W.L.C. v Minister for Justice (Approved) [2022] IEHC 48 (28 January 2022)


[2022] IEHC 48

RECORD NO. 2020/840JR







JUDGMENT of Ms. Justice Niamh Hyland delivered on 28 January 2022


1.       This is an audacious application. To succeed on the principal grounds raised in this challenge, the applicant must persuade me that I ought to ignore a decision of the Court of Appeal, Rughoonauth v Minister for Justice and Equality [2018] IECA 392, a determination of the Supreme Court, Rughoonauth v Minister for Justice and Equality [2019] IESCDET 124 (whereby it refused leave to appeal the decision of the Court of Appeal), a decision of the High Court in SA v The Minister for Justice and Equality [2020] IEHC 571, and a further decision of the High Court in MK v The Minister for Justice and Equality [2021] IEHC 275. In short, I consider that, not only am I not entitled to ignore the determination of the Supreme Court, the decision of the Court of Appeal and the two High Court decisions (unless, in the case of the High Court, the Re Worldport Ireland Limited (In Liquidation) [2005] IEHC 189 criteria are satisfied), but that there is no reason in principle for ignoring those decisions. They correctly reflect the jurisprudence of the European Court of Human Rights (“the ECtHR”) in respect of the application of Article 8 of the European Convention on Human Rights (“the ECHR”) to immigration and deportation decisions. In seeking to argue they are wrongly decided, the applicant has failed to correctly interpret the Supreme Court decision of Luximon v Minister for Justice and Equality; Balchand v Minister for Justice and Equality [2018] 2 IR 542.

Factual background

2.       The applicant was born on 13 December 1983 in Malaysia and is a Malaysian national. She arrived in Ireland and registered as a student on or about 26 September 2012. She was granted Stamp 2 permission to reside in the State on student conditions, which permission was extended from time to time until its expiration on 30 September 2019.  Ultimately, she graduated with a Bachelor of Business (Honours) degree from the College of Computing Technology.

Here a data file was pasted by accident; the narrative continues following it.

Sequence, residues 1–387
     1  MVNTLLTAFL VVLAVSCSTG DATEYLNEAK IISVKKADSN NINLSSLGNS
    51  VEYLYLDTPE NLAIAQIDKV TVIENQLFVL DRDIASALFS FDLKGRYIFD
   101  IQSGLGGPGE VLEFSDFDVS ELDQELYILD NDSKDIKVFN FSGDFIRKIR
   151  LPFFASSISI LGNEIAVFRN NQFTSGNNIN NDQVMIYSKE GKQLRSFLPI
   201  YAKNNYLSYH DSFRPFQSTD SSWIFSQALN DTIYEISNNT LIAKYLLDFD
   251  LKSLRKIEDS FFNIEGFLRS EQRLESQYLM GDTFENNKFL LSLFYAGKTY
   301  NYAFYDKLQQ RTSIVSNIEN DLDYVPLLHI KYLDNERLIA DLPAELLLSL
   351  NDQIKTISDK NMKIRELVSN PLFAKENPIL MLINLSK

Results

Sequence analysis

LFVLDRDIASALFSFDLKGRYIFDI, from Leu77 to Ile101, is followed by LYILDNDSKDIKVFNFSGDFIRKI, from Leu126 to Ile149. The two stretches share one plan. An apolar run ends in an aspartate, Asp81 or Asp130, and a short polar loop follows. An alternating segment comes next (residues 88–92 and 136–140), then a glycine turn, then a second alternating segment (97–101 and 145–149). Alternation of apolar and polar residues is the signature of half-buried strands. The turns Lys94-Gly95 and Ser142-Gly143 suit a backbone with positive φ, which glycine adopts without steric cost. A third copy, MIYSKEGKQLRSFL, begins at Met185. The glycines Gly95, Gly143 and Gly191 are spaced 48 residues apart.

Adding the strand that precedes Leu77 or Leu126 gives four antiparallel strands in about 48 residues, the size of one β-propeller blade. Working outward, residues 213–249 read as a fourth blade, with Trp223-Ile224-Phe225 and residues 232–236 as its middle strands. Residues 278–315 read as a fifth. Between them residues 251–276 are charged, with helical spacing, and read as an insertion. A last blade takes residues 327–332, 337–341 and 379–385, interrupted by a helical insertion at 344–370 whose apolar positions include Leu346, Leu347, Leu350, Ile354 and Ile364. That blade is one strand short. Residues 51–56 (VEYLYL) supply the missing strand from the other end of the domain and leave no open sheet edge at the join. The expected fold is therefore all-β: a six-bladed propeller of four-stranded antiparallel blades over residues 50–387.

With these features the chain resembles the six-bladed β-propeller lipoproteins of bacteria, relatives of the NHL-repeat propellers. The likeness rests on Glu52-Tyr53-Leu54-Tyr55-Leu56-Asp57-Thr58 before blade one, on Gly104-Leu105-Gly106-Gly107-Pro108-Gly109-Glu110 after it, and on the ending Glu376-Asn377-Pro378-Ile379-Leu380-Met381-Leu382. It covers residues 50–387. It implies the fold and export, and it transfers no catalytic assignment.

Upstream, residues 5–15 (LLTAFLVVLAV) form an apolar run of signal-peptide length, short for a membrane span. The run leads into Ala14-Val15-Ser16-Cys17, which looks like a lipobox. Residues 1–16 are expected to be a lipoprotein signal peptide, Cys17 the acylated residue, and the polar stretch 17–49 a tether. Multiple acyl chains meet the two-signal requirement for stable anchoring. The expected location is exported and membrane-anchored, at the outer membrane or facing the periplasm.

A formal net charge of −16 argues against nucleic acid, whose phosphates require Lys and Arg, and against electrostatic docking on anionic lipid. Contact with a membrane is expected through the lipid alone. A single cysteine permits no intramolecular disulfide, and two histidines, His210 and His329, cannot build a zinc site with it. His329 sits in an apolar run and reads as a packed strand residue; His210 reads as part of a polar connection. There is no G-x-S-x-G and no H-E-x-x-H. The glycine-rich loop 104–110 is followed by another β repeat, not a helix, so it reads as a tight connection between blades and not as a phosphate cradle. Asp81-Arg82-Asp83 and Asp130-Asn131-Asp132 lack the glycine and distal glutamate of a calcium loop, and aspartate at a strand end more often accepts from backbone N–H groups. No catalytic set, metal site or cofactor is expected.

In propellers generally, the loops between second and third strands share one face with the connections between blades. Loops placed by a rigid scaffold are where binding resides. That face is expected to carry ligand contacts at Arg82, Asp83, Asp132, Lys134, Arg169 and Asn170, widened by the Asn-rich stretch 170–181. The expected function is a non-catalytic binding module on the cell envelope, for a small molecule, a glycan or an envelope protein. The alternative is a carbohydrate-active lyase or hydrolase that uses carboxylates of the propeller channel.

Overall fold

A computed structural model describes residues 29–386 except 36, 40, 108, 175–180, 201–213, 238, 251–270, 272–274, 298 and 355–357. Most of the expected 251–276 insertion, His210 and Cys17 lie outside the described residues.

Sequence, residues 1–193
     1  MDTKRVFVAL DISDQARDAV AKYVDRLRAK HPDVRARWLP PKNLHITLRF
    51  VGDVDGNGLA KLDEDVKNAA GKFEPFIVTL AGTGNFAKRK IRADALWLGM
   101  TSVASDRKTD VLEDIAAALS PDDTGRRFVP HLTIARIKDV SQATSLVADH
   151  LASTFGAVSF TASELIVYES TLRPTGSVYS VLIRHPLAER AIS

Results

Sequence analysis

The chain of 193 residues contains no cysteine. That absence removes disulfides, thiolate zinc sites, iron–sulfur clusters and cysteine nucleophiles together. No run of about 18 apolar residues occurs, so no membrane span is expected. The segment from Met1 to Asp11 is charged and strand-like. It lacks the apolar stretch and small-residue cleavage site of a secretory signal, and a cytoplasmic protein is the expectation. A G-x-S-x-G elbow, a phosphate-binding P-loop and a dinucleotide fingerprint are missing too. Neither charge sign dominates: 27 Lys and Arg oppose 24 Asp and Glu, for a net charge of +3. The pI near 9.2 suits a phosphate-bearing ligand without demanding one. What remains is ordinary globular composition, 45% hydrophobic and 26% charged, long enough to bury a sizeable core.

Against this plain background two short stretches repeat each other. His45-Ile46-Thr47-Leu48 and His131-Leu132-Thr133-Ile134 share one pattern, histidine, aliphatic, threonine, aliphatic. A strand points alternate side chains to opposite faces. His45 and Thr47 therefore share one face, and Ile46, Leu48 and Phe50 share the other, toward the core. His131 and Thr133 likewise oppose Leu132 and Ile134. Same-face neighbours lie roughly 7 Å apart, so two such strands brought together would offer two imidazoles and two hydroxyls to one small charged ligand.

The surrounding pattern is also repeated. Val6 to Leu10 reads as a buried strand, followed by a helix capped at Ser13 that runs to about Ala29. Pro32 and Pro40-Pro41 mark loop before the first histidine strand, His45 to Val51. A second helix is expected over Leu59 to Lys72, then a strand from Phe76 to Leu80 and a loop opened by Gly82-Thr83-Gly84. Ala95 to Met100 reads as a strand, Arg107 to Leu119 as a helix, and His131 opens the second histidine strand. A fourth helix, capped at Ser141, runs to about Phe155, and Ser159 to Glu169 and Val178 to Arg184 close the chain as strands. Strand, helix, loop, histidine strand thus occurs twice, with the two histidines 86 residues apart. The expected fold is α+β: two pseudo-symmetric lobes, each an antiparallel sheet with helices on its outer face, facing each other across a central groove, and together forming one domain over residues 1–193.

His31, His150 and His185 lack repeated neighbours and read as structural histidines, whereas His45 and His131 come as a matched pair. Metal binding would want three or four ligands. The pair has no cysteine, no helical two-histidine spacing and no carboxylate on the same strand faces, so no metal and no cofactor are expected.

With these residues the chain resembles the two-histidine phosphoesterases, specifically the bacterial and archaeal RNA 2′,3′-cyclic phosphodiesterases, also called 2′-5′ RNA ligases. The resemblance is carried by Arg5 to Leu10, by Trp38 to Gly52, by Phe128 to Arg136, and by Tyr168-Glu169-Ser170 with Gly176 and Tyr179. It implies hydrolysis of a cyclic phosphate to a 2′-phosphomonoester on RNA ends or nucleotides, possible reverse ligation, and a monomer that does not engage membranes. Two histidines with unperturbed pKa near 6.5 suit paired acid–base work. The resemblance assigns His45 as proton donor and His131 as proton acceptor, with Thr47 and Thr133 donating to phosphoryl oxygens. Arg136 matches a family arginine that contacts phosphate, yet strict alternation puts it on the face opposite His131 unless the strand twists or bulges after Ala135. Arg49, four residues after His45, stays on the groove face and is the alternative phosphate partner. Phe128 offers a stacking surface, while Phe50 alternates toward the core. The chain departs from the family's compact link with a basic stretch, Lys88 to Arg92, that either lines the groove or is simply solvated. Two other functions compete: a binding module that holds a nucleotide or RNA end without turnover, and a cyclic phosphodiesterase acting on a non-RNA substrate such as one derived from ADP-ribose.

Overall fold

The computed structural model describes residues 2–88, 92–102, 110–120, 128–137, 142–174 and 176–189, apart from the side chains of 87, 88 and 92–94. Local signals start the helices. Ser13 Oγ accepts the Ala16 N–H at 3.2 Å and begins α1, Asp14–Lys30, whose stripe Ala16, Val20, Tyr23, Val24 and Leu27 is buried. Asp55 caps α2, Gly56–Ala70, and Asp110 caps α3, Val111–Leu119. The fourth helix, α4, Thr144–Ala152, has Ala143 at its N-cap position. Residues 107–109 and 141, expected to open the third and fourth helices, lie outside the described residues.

3.       The applicant lived with her sister and their family in Malaysia whilst growing up. The applicant’s sister moved to Ireland before her and gave birth to her son on 17 December 2003. Since moving to Ireland in 2012, the applicant has at all times lived either with, or in close proximity to her sister and nephew, both of whom are Irish citizens.

4.       On 30 October 2019, Abbey Law, solicitors for the applicant, made an application for permission for the applicant to remain in the State pursuant to s.4 of the Immigration Act 2004 and/or the respondent’s executive discretion, and enclosed supporting documents including the applicant’s education records, employment records, her current and expired passports, evidence of her financial situation and health insurance, and evidence of her close relationship with her sister and nephew.

5.       By letter dated 14 October 2020, the respondent refused the application to vary the applicant’s permission to remain in the State, noting that she was not eligible for Stamp 1G permission as she had exceeded the 7 year limit on residence in the Student Guidelines. In respect of the leave to remain application, the Minster referred to the test in R (Razgar) v Home Secretary [2004] 2 AC 368 and held that given that the applicant’s status has at all times been precarious, it is not accepted that any potential interference with her private life rights would have consequences of such gravity as to engage the operation of Article 8 and therefore the refusal was not in breach of her right to respect for private life. The Minister further concluded that a refusal of permission to remain did not constitute an interference with the right to respect for family life, on the basis that no evidence had been submitted to suggest that the applicant’s relationship with her sister or nephew extended beyond normal emotional ties.

Procedural history

6.       Leave to challenge the Minister’s refusal to grant permission to remain by way of judicial review was granted on 23 November 2020.

Alleged breach of article 8 by the minister

7.       The correct approach by the Minister when making a decision in respect of permission to remain insofar as Article 8 is concerned is identified in the UK Court of Appeal decision of Razgar.  The Minister identified in her decision that the first test in that case was met but concluded that the applicant had not overcome the second test, i.e. that the applicant had failed to establish the gravity of the infringement of the Article 8 rights with the consequence that no proportionality review was required.